British Columbia·Video

Pig ruins Christmas, gores owner, but William the tusked boar is 'usually a sweet boy'

Julia Smith is an urban farmer who knows her pigs, but a frisky 1,000-pound boar named William surprised her this Christmas.

'I was in the wrong place at the wrong time,' says owner

Two new litters at Blue Sky Ranch born in -30 degree temperatures

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4 years ago
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Julia Smith was caring for new piglets when she was gored by the male pig -- William 0:30

Pig farmer Julia Smith knows her hogs, but a frisky 1,000-pound boar named William surprised her this Christmas.

It wasn't a nice surprise. He got loose from her ranch near Merritt, B.C. on Friday and accidentally gored her as she tried to round him up.

"He was doing the man dance along the fence with our other boar,"  Smith wrote to friends on Facebook, explaining that the two animals were posturing on the fence.

"I'm normally really careful about staying away from his head but I have not been at the top of my game lately," she wrote after she was taken to Royal Inland hospital in Kamloops, B.C..

"I got too close and he swung his head around. I took a six-inch tusk in the belly."

William punctured her abdomen, and hit her liver.

Way to ruin Christmas William!

The former urban farmer now works with her husband Ludo Ferrari on the 8.4-hectare Blue Sky Ranch in the Nicola Valley just outside Merritt B.C.

Julia Smith, CEO of Urban Digs Farm, was stuck in hospital due to a pig-caused injury this holiday, but says the boar who punctured her liver with his tusk is usually 'sweet.' (Julia Smith/Facebook)

The injury put her Christmas on hold as she underwent surgery, but she's not blaming William, the boar.

"He is actually a very sweet boy," Smith told CBC in a written exchange. "He didn't attack me or anything. He just tossed his head and I was in the wrong place at the wrong time. I have raised him since he was a baby."

She blames sleep deprivation, as she's been up for days monitoring the two sows birthing piglets.

Julia Smith raised William the boar from a piglet, and usually they see eye-to-eye just fine. (Julia Smith/Facebook)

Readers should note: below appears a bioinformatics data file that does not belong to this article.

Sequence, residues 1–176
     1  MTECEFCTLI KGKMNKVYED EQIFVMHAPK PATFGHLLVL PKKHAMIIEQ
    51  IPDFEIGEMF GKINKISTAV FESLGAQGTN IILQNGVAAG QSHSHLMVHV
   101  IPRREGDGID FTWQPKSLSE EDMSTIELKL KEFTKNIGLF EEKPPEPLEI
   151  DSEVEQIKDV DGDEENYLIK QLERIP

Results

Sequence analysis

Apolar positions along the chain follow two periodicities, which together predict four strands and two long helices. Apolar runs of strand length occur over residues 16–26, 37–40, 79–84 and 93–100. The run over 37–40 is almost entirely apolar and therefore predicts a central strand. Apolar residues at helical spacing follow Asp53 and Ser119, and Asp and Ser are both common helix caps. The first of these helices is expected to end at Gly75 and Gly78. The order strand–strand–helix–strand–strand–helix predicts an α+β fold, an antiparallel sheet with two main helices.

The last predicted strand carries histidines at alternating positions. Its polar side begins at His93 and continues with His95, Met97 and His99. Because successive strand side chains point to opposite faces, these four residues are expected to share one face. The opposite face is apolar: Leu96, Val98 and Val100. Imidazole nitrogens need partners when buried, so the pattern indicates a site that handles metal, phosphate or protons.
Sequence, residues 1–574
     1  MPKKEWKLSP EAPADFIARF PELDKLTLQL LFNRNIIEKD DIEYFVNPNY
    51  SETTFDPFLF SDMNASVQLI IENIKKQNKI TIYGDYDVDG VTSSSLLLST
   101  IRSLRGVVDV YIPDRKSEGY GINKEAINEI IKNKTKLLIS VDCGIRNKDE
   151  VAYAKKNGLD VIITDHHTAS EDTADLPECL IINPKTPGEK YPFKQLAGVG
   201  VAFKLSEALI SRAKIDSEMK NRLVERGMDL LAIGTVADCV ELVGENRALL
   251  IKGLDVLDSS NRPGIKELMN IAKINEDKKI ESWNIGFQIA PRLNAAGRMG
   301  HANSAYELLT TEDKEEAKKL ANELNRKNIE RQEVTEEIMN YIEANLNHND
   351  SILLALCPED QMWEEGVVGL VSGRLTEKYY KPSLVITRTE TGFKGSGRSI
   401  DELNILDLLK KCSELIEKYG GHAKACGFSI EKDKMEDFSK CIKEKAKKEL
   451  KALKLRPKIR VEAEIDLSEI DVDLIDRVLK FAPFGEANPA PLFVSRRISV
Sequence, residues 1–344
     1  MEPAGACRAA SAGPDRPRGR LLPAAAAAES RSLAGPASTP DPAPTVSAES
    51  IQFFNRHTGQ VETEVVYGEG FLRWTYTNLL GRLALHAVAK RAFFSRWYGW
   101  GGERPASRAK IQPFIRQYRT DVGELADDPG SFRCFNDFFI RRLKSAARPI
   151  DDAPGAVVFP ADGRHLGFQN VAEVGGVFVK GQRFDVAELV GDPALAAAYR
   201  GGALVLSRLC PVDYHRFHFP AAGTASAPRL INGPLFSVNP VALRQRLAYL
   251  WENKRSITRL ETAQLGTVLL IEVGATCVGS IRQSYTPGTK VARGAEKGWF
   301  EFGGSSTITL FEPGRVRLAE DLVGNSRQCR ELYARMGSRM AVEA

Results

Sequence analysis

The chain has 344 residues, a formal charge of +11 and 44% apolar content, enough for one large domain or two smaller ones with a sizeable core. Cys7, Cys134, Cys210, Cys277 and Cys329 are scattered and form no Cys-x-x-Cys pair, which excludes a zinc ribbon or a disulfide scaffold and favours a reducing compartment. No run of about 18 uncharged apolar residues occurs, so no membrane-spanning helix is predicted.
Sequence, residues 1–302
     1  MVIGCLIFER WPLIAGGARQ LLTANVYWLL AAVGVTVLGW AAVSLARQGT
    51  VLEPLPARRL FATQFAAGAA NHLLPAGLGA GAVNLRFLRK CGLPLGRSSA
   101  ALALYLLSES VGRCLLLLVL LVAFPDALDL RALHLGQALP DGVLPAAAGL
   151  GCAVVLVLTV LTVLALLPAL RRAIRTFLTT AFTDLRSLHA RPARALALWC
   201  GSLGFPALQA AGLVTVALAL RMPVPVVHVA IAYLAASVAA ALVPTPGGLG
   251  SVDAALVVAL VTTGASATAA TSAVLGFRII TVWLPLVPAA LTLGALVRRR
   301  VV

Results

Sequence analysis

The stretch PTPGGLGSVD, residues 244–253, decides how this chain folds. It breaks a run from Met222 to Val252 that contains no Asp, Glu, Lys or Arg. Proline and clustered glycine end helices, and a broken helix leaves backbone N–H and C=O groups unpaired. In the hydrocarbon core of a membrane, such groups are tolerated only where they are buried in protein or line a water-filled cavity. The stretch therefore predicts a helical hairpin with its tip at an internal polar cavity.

It's been freezing lately in Merritt, as cold as -30 C, so she set up insulated baby boxes and made sure she was there to dry off newborns fast or they'd freeze.

She'd been watching web-cams, checking every nine minutes, so as not to miss the births.

Other urban farmers and friends sent good wishes after hearing of the mishap.

When livestock attack

"That's a scary injury. I thought our bison were dangerous!" wrote Conrad Schiebel of Turtle Valley Bison Company in Chase, B.C.

It's not unusual for livestock to attack owners. A 2008 study by the American Centre for Disease Control (CDC) reported that most fatal injuries by farm animals involve cattle. The study does not break out swine in a category, but said that there are an average of 73 "mammal" attacks a year.

In 2012, a 70-year-old Oregon hog farmer was eaten by his 700-pound animals when he went to feed them.

In some ways, Smith says it's a Christmas miracle the tusk missed her bowel, which would put her at higher risk of infection or sepsis.

So far she's healing well, and hopeful.

"I'm very lucky to even be alive," said Smith, who plans to take another "crack" at the holidays — next year.

Julia Smith and William the boar. Domestic pigs can grow to sizes that dwarf humans, and care must be taken when dealing with them, as with any animal. (Julia Smith/Facebook)

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